Eleventh hour save for Channel 44

23 Jun 2021
Channel 44

South Australia’s community television station Channel 44 will remain on-air until 2024 thanks to the advocacy of the Federal Member for Mayo Rebekha Sharkie.

After staring down another June 30 deadline to being switched off, the Centre Alliance MP worked with the Federal Government and her crossbench colleagues in the Senate to secure free-to-air broadcasting access for the Adelaide channel and Channel 31 in Melbourne and Geelong until 2024.

“I am delighted that Channel 44 will remain on air until 30 June 2024,” Rebekha said today.

“It was an 11th hour save with the Senate passing my amendment at 11pm last night and it follows weeks of persistent advocacy to the Government.

“I would like to thank Communications Minister Paul Fletcher for listening to our community and our valid arguments for keeping Channel 44 and Channel 31 on-air and working with me to draft an amendment to set this timeframe in legislation.

“I would like to sincerely thank Senator Rex Patrick for putting up my amendment in the Senate when my Centre Alliance colleague Senator Stirling Griff had to take a leave of absence.

“This is team South Australia working for South Australians to allow this valued creative service to continue.

“The amendment does set a clear online-only transition deadline for 2024 but this three-year timeframe will allow these two community broadcasters to work through the Media Reform Green Paper process and give the stations sufficient time to really plan their future.”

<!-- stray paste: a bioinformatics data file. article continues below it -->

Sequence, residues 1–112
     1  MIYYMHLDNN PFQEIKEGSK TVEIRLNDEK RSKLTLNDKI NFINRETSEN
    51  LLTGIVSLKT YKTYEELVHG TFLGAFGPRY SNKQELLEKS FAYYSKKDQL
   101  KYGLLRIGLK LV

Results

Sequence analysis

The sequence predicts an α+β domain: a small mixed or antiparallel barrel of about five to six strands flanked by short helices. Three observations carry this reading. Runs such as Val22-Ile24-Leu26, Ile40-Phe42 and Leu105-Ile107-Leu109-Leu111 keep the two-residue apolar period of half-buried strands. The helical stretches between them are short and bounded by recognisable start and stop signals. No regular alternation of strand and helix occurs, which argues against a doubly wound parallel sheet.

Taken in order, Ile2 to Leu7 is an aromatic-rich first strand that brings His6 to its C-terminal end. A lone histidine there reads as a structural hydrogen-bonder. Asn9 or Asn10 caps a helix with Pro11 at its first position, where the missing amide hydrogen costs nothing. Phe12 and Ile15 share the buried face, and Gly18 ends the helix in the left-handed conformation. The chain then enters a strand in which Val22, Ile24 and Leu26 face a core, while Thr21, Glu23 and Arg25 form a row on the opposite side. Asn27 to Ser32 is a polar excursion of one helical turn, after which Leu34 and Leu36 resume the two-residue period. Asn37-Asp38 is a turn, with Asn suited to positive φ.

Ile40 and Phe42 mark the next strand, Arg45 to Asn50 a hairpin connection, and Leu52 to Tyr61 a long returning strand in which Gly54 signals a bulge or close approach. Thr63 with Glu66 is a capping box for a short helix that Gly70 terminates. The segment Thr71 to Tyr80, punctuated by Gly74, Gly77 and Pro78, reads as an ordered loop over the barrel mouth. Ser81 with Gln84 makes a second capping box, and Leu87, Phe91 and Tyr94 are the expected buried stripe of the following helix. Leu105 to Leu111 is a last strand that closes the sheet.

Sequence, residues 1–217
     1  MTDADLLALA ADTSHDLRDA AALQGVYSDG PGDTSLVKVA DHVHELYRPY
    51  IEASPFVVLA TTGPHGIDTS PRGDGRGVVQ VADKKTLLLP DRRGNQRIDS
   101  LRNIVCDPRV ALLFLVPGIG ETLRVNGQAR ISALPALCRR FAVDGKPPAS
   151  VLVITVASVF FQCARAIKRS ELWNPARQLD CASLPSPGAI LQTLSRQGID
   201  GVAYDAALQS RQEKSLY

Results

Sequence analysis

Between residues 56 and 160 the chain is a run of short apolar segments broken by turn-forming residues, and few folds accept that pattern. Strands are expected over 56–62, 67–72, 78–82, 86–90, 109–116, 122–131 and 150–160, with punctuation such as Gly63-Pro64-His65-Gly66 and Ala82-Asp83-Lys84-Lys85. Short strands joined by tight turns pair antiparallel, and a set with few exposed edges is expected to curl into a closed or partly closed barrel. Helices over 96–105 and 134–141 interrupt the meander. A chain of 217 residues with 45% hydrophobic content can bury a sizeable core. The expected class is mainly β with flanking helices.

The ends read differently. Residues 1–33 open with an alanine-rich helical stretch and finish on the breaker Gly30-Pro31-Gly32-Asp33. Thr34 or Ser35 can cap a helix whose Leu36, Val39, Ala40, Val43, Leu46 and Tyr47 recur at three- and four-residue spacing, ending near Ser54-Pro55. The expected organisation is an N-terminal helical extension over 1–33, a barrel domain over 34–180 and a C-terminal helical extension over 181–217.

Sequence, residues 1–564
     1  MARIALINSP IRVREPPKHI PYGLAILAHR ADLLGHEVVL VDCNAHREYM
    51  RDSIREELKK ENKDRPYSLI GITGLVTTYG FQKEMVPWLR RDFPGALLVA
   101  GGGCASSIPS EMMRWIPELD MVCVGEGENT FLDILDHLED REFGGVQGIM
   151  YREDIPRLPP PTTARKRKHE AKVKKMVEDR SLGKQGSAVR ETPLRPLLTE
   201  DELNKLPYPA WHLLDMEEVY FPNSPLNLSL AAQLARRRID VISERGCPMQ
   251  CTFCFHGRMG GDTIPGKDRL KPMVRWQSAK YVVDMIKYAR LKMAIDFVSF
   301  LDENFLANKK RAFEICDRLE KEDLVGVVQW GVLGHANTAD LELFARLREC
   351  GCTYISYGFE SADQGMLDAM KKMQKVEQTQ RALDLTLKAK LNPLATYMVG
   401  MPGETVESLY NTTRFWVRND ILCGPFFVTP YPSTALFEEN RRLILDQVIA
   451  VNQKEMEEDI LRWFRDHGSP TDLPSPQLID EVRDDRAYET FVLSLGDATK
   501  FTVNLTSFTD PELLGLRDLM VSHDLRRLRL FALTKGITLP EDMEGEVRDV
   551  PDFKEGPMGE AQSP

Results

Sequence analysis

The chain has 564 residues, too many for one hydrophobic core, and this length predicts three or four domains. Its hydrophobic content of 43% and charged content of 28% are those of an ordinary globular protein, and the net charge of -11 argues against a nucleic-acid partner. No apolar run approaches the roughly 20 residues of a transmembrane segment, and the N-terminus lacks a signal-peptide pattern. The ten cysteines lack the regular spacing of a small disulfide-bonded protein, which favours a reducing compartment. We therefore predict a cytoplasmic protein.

Channel 44 and Channel 31 are the only community broadcasting stations to remain in Australia.

Back in 2014, the Government announced that it would remove community television from the ‘sixth channel’ to an online-only delivery model in order to allow a review of the broadcasting spectrum policy framework.

Channels were given 12-months to transition. A number of last-minute 12-month extensions have been announced since then.

Channels in other major cities, including Sydney and Perth, shut down, saying they couldn’t sustain an online-only broadcasting business model.

“That broadcasting spectrum review is still ongoing and the spectrum used by Channel 44 and Channel 31 hasn’t been re-allocated so I couldn’t see any reason why these stations couldn’t continue to broadcast until 2024,” Rebekha said.

“Not only are Channel 44 and Channel 31 the training ground for our broadcasting industry, they really proved their value to our community during the COVID-19 lockdowns.

“They broadcast religious services and other culturally significant events to older audiences and multicultural audiences during a time when people were being told to stay home.

“Many of these audiences do not use the internet to watch content.

“Giving community television a three-year timeframe will allow the stations to work out a business plan and work with their audiences to transition.”

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